Roughly 350 feet below the surface of the Straits of Mackinac — about the same depth as a passenger rail tunnel that links England and France — Michigan officials envision a 10-foot-wide tunnel to house the controversial Line 5 oil and gas pipeline.
While Michigan officials may already have enough evidence to close an underwater oil pipeline in the Straits of Mackinac, a renewed effort to independently analyze the pipeline’s risk may finally prompt the state to take action.
Amid ongoing debates over moving crude oil by rail versus pipelines, two new studies offer insight into the economics, health impacts and risks of the two sectors.
Next week, Michigan officials plan to publicly release a highly anticipated draft report about potential alternative routes for an aging oil and gas pipeline in the Straits of Mackinac between Lakes Michigan and Huron.
Nearly a year after advocates raised transparency concerns over the hiring of two companies to study Enbridge’s Line 5 pipeline in the Straits of Mackinac, the state has canceled its contract with one of the firms, citing a conflict of interest.
Advocates with the National Wildlife Federation say they’ve uncovered more oil and gas spills from Enbridge’s Line 5 than they previously thought, raising questions about how leaks are reported and whether there have been more. The group said Monday it has found at least 29 instances of oil and natural gas liquids spills totaling more than one million gallons over the course of the pipeline’s 64-year history. That’s nearly double the amount the group previously thought had occurred. The 29 spills, which were mostly detected by the public and local government personnel rather than the company’s remote pipeline detection system, date back to 1968, according to a map of the data. The group also says its findings shed light on the history of Line 5’s inland path — which runs from northern Wisconsin to Sarnia, Ontario — while much of the attention has focused on the underwater section beneath the Straits of Mackinac.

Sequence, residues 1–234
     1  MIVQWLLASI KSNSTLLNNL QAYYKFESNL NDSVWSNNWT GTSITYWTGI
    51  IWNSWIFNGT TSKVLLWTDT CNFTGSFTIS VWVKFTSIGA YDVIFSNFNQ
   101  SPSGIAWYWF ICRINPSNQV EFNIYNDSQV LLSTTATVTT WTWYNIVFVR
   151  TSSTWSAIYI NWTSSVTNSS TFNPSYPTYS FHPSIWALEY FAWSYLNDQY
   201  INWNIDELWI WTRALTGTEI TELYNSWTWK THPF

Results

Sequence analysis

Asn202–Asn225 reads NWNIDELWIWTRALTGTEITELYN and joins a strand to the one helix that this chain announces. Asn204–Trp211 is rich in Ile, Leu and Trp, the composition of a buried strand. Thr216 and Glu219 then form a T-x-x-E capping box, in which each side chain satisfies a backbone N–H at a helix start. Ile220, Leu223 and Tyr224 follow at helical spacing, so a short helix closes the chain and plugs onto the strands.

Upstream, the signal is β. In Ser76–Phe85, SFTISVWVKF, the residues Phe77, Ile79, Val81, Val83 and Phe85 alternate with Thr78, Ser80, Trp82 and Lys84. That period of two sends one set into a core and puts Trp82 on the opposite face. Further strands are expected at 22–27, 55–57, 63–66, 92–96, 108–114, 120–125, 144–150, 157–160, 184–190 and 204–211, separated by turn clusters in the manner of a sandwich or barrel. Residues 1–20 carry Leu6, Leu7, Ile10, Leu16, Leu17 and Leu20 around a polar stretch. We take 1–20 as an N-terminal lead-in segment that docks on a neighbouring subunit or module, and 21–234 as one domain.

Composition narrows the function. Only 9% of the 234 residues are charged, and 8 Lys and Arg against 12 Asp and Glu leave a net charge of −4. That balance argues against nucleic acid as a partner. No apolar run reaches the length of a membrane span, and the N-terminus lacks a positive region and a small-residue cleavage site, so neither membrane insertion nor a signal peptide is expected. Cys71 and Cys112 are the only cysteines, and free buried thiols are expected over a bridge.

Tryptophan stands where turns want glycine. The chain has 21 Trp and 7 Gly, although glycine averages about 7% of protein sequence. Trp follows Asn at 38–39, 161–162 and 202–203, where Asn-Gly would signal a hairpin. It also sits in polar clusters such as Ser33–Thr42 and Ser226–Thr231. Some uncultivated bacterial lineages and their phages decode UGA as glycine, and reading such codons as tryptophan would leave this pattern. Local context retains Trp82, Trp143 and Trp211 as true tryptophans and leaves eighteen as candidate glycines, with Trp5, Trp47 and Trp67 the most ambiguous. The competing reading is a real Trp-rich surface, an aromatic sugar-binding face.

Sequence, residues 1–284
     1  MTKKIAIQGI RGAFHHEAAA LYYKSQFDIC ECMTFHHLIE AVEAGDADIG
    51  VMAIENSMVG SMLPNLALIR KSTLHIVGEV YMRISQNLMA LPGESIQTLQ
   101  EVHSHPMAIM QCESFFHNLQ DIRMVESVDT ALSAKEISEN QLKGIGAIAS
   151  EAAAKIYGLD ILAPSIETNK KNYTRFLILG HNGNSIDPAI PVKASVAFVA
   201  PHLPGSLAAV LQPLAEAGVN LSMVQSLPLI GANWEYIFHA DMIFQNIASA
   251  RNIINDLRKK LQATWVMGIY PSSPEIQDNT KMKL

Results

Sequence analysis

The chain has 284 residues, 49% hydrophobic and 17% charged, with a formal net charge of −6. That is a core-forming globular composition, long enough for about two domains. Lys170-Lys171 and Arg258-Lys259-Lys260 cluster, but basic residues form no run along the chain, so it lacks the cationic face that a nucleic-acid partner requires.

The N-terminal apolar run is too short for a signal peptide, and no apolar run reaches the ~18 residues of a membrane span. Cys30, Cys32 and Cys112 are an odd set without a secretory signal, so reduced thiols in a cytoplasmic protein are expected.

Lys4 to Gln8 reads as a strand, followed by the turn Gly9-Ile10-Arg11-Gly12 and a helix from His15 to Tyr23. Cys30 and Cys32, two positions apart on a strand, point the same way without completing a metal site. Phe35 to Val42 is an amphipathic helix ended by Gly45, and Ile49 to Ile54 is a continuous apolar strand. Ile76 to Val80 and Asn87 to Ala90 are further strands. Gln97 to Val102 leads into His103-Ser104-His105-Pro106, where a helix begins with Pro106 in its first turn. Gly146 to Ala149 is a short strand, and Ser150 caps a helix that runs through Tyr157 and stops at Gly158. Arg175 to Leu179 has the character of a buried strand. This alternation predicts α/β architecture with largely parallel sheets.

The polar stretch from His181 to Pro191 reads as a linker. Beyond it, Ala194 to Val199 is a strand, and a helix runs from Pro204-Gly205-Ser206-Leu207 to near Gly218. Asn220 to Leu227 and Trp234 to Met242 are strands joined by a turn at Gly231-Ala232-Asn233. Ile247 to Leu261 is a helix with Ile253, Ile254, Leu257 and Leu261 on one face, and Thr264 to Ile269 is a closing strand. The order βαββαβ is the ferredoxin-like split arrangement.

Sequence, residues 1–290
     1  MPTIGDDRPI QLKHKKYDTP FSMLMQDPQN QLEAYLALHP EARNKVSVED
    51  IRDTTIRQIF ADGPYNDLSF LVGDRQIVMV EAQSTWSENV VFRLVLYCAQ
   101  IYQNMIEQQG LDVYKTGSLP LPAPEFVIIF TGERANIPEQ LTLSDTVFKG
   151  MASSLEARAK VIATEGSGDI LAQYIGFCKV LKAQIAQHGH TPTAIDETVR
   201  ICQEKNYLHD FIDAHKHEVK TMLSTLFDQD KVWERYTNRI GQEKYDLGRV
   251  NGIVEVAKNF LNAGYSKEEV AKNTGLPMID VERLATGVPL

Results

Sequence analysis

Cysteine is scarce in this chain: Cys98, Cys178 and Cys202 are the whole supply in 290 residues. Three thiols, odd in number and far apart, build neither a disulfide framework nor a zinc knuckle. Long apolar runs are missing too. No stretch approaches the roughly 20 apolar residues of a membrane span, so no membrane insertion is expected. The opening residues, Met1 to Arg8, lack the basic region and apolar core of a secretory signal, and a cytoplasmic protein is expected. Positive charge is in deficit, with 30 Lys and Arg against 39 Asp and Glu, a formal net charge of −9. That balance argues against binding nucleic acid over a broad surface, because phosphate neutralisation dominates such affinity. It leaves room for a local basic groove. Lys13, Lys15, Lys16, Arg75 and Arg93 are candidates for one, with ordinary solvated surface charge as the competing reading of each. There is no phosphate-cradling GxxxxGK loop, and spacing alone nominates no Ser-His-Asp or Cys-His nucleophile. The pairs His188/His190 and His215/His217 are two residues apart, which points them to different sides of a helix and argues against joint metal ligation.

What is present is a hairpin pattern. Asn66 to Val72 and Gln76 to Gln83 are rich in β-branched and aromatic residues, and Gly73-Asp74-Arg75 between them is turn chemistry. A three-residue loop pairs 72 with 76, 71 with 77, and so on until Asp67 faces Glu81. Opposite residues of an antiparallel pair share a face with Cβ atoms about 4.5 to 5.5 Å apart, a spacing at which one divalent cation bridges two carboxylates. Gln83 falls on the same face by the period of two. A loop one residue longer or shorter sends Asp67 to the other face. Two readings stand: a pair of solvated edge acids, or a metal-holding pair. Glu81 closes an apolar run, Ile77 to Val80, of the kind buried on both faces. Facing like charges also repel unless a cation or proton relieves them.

Michigan officials are considering the need for a longer-term funding solution for the state’s oil and gas regulatory program as the recent drop in oil and gas prices have increasingly shifted oversight costs from the industry onto taxpayers.
Michigan State University researcher Kyle Powys Whyte has published essays and scholarly articles on how the Dakota Access project represents what he describes as an ongoing form of U.S. colonialism over Native Americans.
The latest state budget from Ohio Gov. John Kasich renews his effort to increase the severance tax for oil and natural gas. And once again, that proposal is meeting with opposition from some state lawmakers and leaders in the state’s oil and gas industry.
As political discussions in the U.S. focus on the future of fossil fuel industries, an event in Ohio last week explored a future with no fossil fuels at all.